The meeting was the second to last step in tweaking and refining the park and recreation center plan as the committee will approve the final plan in January. Funding for the park begins in July 2017 and construction is expected to take two years — a target completion date of July 2019.

Schmidt presented the tentative map for the park, which included a big green field space of 5 acres, 689 feet by 318-340 feet. As Schmidt noted, this is a very large and generous field — by comparison, the Ocean Air Community Park is 4.7 acres. There will also be an adjacent flexible turf space that can be used for more passive recreation or as a warm-up space for athletic teams.

The park will also include a promenade that links with the Village center across the street with interesting activity “rooms” such as a parkour area, a playground for ages 5 to 12, a playground for ages 2 to 5 and a play garden with discovery pathways for children.

There will be four shade structures around the park with picnic tables underneath and a three-quarter loop trail around the park with exercise stations as well as less formal meandering trails along the edges.

Near the entrance to the recreation center building, the committee has reserved space for a skate plaza.

Architect Jim Gabriel of Hanna Gabriel Architects presented the plans for the 17,000- square-foot recreation center — a “soft modern” structure with a broad roof, drawing in textures and materials from the surrounding area, such as white stucco, warm wood framing and a tile and weathered steel roof. The gym building and multi-purpose building will be linked by an enclosed patio.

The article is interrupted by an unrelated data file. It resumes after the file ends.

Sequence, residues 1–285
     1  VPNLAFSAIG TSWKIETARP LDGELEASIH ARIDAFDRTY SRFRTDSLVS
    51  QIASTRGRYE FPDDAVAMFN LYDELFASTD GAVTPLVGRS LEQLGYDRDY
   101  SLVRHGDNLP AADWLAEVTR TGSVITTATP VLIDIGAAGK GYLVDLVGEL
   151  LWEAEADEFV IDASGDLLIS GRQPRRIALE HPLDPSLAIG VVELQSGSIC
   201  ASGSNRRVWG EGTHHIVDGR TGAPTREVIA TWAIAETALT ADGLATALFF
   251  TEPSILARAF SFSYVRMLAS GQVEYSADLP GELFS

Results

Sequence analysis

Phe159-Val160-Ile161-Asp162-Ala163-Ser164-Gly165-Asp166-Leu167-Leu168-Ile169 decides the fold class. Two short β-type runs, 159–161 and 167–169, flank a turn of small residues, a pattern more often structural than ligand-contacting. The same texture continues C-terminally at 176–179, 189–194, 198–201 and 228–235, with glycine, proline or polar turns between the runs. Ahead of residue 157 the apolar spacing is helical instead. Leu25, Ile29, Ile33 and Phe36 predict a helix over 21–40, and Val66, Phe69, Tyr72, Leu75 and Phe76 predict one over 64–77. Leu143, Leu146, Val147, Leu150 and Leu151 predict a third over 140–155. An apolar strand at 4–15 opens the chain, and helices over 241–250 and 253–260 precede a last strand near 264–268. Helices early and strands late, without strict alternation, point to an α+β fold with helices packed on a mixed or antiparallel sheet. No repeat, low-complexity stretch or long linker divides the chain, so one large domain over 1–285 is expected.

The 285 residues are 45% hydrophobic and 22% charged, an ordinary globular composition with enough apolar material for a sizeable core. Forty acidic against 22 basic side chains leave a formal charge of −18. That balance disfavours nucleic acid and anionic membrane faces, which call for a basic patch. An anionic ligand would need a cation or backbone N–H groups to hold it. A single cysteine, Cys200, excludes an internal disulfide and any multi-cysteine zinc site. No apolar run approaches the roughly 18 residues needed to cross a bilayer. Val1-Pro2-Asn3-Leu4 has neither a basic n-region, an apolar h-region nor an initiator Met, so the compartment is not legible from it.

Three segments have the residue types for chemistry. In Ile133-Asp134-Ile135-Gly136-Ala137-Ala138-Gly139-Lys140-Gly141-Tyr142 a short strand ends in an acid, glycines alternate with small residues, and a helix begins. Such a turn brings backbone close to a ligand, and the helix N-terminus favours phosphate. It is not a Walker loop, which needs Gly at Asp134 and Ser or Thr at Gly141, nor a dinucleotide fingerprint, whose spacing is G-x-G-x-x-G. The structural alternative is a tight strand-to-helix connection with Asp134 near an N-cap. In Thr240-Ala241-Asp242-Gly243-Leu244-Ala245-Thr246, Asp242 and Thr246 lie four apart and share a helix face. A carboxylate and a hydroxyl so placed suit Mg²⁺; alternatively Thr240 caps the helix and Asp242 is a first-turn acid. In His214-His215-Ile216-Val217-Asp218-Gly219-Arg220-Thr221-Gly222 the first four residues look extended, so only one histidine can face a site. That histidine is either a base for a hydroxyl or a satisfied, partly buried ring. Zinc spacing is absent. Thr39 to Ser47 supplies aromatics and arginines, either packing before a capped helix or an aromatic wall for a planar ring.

Gabriel said his company is committed to sustainable architecture — utilizing solar orientation and prevailing breezes for daylighting and natural ventilation

“The building is a backdrop to the park,” Gabriel said. “I think it’s going to have a great feel and really be a supporting character, not the star…it’s there to make the park special.”

Ranu expressed some concern about the way the gym roof folds over the side of the building, noting it was a little “overwhelming.” Gabriel said that the main purpose of the roof is to allow for the use of natural daylight in the facility while still controlling the light and glare for athletes. He said they would be able to incorporate a more permeable material to make the visual impact less “harsh.”

Local resident Karen Dubey provided feedback to the committee that the architecture of the building “stands out like a sore thumb.”

“It matches nothing in the community,” she said.

Committee member Danielle McCallion said she heard Dubey’s concern.

“I feel the same way but I’m hoping when they add the details it will feel more like a community center,” McCallion said. “I think in order to keep the environmentally-efficient features it can’t help but have a modern look. The details will help.”

Farinksy noted that the recreation center will be situated between the modern blue and orange Pacific Trails Middle School and the “different and modern” Canyon Crest Academy, across the street from the Santa Barbara-style, white Village center.

“This is a transitional piece that picks up the modern looks of the schools and it picks up the Santa Barbara textures and forms of the rest of the neighborhood,” Farinsky said. “I think it will be good.”